3.13.11 Day by day they grew increasingly confident with the all-noble Emperor Constantine. They asked the Arian priest to begin appealing on Arius’s behalf to the emperor that he might receive an audience with him, in which he could stand up for himself and show that he agreed with the holy fathers in Nicaea.

3.13.12 The priest complied with the requests of Eusebius and Theognis and began speaking to the emperor on Arius’s behalf, for the most part acting as their mouthpiece. They claimed that Arius agreed with all the resolutions of the council and was pleased with the faith proclaimed there. But what the priest said about Arius seemed strange to the emperor.

3.13.13 He carried this on for many days, sometimes alone but mostly with Eusebius of Nicomedia present. The emperor rather often summoned him, for the faithful emperor was not thinking of the crimes wicked Eusebius had committed against him before.

3.13.14 Eusebius therefore, by his skill in deceptive speech, both through the priest and on his own tried to persuade the benevolent and fair emperor to have Arius summoned to see him, with the assurance that if he should come before the pious Emperor Constantine, he would agree “with everything which we” (so he said) “and the council agreed with.”

3.13.15 This seemed untrustworthy to the emperor, but due to his godly goodness and his zeal for the unity of the churches he yielded, trusting them as priests, and said to them, “If Arius agrees with the council and has truly chosen to think its thoughts, I will receive him personally and send him to Alexandria with honor.” Having said this, he sent for him by letter and commanded him to come to court.

3.13.16 Having been honored by an imperial letter, Arius immediately hurried to Constantinople. Together with him was Euzoius, whom godly Alexander, bishop of the church of Alexandria, had deposed with him. The priest reported the presence of Arius to the pious emperor at the prompting of the followers of Eusebius of Nicomedia.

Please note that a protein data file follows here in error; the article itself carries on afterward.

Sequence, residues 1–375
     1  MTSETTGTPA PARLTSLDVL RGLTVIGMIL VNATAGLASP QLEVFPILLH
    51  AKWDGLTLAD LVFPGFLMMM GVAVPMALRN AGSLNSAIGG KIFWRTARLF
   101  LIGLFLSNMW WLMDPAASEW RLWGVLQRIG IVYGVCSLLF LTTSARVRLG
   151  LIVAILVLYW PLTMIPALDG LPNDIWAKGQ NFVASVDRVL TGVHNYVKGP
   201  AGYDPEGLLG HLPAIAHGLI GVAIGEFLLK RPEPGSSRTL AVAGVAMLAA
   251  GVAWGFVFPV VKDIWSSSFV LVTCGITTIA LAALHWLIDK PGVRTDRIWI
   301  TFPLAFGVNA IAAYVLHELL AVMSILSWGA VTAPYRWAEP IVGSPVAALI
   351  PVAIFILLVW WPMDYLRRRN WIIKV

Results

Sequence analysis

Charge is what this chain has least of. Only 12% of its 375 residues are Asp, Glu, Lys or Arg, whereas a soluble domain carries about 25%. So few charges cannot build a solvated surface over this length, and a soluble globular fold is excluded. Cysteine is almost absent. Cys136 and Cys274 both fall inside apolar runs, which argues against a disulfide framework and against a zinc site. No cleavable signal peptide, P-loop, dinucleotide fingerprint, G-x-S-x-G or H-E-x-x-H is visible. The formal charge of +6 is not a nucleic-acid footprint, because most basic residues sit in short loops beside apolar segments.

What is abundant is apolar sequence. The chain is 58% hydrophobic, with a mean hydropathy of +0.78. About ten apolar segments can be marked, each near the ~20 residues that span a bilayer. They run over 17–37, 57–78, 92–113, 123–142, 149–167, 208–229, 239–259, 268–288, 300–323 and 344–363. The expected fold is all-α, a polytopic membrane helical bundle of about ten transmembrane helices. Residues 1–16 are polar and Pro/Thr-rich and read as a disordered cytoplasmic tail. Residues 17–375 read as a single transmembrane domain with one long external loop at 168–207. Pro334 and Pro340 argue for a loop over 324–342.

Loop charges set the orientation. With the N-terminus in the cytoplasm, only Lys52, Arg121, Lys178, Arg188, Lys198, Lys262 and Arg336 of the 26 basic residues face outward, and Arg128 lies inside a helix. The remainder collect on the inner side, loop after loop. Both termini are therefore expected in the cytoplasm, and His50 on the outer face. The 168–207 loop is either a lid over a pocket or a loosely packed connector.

3.13.17 The emperor therefore received him personally along with Euzoius and inquired of them whether they agreed with the faith which the three hundred holy fathers set forth at Nicaea. Arius testified under oath that he had always believed and still believed “just as the holy fathers at Nicaea, and everyone with us believes the same.” (He was speaking of the followers of Eusebius of Nicomedia and Theognis of Nicaea.) He acted as if he was swearing the truth, to deceive and persuade the simple, Christ-loving emperor.

3.13.18 When Arius had said this under oath, the godly and fair emperor was moved to send Arius to Alexandria posthaste with honor.

3.13.19 But because Athanasius warned him, Bishop Alexander did not receive Arius when he arrived in Alexandria; he avoided him like the plague.

3.13.20 Then Eusebius and his followers themselves wrote letters on behalf of Arius and coerced the emperor to write harshly to Alexander and Athanasius.

3.13.21 Athanasius altogether refused to receive Arius and those with him, and with the bishop he informed the emperor in writing that it was impossible to welcome back those who had once denied the faith, had been condemned “by such a holy council and your godly piety,” and had been sentenced.

3.13.22 Taking this poorly and moved to wrath by the followers of Eusebius of Nicomedia, the emperor threatened Athanasius, writing the following letter:1


Next Chapter – 3.14 Part of Emperor Constantine’s letter to Athanasius

Previous Chapter – 3.12 Concerning Constantia, the sister of the all-praiseworthy Emperor Constantine and the Arian presbyter whom she entrusted to his safekeeping

Click here to read Book 1 in its entirety.


Created by RR 6-18-22

  1. The following letter excerpt is also preserved in Athanasius, Apologia secunda contra Arianos 59.4-6; Socrates 1.27.4; Sozomen 2.22.5.